Passing a state budget is the single most important thing lawmakers do every year. It represents the priorities and values of our government, and allocates the resources necessary to support the needs of all residents. As such, the budget should be viewed as a moral document, with its success measured by how well it advances economic prosperity, improves quality of life, and addresses existing inequities along the lines of race and gender that hold back so many of our friends and neighbors. When viewing the budget in this frame, the budget for fiscal year 2021 that is set to pass this week makes a lot of positive strides, but the process by which it has been produced continues to set us back in concerning fashion — especially with regard to the lack of public transparency.
Between the three-month spending bill passed in June and the nine-month budget under consideration now, there has been a distinct lack of opportunity for the public to engage lawmakers and let their voice be heard in full. If you’ve followed New Jersey’s budget drama in the past, you’d be excused for asking if this concern is all that new. Releasing and voting on budgets at the last minute is old hat at this point, but this year’s budget process found a way to be much worse — and with the stakes at an all-time high.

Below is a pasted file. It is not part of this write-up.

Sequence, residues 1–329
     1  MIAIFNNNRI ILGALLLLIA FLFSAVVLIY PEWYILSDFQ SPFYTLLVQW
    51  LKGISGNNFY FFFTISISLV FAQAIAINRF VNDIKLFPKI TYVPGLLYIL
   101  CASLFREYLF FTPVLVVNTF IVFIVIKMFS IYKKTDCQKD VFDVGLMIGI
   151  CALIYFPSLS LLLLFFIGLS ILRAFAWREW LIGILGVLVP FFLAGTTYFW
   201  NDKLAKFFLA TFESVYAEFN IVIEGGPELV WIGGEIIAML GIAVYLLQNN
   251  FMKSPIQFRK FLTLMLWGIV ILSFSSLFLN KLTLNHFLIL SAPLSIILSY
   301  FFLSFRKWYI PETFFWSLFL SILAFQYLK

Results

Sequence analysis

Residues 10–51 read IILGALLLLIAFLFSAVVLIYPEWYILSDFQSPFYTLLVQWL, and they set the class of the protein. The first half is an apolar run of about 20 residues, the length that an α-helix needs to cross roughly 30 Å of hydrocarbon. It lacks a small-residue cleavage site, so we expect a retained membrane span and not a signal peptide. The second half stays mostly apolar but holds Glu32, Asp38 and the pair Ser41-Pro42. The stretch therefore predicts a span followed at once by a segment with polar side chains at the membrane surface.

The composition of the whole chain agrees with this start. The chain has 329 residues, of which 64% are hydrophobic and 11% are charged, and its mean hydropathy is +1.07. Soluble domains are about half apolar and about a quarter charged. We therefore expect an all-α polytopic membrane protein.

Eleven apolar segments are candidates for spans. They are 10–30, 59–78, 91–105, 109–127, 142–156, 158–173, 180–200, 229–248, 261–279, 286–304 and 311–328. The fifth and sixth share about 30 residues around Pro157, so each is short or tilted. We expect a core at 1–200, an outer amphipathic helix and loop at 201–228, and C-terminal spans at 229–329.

Shortchanging public engagement, transparency